Is group lending a good enforcement scheme for achieving high repayment rates? Evidence from field experiments in vietnam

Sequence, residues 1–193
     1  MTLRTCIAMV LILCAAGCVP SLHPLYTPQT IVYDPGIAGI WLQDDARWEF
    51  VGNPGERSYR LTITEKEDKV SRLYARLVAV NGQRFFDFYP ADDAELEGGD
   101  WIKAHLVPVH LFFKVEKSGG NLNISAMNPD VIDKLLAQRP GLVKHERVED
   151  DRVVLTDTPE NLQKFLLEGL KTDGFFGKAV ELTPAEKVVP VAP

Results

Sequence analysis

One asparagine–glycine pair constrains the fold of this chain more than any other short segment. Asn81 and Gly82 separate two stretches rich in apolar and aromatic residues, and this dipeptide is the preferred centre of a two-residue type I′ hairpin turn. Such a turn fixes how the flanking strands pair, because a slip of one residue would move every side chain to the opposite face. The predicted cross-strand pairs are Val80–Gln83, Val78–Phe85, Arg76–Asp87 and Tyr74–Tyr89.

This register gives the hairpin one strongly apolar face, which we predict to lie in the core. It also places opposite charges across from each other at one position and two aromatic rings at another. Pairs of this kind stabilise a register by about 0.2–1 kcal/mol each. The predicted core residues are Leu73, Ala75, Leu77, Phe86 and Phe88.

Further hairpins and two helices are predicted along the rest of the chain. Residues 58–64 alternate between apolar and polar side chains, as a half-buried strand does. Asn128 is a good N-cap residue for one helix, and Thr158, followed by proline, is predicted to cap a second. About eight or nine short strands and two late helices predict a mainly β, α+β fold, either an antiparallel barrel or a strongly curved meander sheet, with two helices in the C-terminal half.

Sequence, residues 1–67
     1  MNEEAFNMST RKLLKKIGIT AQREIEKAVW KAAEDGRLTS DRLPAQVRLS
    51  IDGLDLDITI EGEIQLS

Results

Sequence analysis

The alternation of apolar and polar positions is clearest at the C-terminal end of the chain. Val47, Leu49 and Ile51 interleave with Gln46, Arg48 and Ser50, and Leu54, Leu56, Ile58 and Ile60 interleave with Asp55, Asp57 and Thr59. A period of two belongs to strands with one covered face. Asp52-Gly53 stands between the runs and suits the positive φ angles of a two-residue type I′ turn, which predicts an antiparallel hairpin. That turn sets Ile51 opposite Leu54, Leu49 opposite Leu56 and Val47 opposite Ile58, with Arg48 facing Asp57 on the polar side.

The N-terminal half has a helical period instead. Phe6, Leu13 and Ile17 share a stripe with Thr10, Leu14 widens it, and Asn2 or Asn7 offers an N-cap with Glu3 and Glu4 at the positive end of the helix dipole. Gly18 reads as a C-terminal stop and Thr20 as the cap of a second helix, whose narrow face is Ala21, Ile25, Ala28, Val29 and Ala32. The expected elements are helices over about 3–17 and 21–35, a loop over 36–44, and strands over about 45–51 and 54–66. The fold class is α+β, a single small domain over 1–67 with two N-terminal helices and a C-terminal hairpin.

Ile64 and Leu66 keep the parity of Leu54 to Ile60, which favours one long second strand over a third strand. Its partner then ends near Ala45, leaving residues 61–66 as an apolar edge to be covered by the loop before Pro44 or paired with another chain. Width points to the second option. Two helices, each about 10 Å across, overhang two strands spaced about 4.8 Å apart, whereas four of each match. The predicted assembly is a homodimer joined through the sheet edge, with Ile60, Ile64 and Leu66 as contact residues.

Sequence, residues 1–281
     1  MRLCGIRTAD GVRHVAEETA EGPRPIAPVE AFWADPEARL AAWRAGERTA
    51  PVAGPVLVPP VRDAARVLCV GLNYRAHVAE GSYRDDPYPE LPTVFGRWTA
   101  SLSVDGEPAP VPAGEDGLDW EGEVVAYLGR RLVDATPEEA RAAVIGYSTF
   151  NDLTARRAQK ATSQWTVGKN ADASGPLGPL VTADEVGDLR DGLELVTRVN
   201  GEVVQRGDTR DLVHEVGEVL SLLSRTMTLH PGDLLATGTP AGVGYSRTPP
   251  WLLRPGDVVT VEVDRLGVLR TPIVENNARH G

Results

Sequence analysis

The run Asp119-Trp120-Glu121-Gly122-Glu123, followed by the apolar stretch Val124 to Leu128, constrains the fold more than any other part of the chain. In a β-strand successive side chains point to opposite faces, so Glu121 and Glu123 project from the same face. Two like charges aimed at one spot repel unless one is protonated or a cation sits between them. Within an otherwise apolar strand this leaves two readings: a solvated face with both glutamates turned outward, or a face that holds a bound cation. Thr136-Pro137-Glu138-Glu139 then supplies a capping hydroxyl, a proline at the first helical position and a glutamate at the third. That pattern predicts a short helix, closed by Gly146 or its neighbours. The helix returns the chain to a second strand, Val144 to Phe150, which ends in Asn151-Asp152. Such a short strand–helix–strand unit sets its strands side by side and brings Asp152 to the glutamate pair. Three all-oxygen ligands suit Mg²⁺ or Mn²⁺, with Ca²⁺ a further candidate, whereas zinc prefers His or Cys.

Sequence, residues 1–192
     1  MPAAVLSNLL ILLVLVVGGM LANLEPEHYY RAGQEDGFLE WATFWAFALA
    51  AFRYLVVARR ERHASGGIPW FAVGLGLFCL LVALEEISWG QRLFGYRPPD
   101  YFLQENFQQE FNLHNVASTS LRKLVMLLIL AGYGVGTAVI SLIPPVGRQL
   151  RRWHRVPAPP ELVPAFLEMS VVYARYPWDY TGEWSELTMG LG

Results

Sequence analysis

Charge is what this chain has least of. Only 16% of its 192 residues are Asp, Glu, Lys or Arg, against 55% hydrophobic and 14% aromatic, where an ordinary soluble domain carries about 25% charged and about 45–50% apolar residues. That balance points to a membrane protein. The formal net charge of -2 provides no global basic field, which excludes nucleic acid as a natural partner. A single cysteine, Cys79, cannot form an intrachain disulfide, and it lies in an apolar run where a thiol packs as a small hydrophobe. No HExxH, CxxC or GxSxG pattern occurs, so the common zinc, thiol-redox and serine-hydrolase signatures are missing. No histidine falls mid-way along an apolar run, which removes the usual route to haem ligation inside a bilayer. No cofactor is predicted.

Microfinance institutions employ various kinds of incentive schemes but estimating the effect of each scheme is not easy due to endogeneity bias. We conducted field experiments in Vietnam to capture the role of joint liability, monitoring, cross-reporting, social sanctions, communication and group formation in borrowers' repayment behavior. We find that joint liability contracts cause serious free-riding problems, inducing strategic default and lowering repayment rates. When group members observe each others' investment returns, participants are more likely to choose strategic default. Even after introducing a cross-reporting system and/or penalties among borrowers, the default rates and the ratios of participants who chose strategic default under joint liability are still higher than those under individual lending. We also find that joint liability lending often failed to induce mutual insurance among borrowers. Those who had been helped or who had repaid a little in the previous round were more likely to default strategically and repay a little again in the current round and those who paid large amounts were always the same individuals.
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